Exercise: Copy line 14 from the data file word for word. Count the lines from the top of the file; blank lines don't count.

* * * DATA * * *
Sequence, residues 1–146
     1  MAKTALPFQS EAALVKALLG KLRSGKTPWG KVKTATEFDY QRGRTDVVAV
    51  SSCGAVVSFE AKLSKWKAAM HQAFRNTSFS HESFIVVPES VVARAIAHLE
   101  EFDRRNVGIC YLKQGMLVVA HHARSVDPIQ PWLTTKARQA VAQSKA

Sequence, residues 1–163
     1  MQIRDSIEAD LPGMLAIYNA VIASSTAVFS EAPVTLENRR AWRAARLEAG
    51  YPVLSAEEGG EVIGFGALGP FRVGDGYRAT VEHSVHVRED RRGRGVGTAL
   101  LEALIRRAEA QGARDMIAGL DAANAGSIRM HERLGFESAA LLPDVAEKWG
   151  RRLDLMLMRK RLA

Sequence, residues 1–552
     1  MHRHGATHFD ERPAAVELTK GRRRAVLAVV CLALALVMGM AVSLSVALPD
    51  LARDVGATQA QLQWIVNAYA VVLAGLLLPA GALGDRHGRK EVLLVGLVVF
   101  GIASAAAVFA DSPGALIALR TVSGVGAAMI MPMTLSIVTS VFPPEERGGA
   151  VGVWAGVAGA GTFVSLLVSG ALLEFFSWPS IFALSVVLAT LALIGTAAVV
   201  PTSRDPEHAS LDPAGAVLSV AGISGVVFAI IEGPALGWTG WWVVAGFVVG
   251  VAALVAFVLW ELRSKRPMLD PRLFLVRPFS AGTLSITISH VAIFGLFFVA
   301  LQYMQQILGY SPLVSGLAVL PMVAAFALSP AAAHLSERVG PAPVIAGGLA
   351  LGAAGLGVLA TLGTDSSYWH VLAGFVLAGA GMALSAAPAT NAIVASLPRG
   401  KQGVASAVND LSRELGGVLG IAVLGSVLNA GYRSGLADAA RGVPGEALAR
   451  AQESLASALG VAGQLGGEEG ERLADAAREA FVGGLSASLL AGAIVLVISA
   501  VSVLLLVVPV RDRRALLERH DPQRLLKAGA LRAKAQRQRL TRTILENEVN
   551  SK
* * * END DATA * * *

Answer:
   151  VGVWAGVAGA GTFVSLLVSG ALLEFFSWPS IFALSVVLAT LALIGTAAVV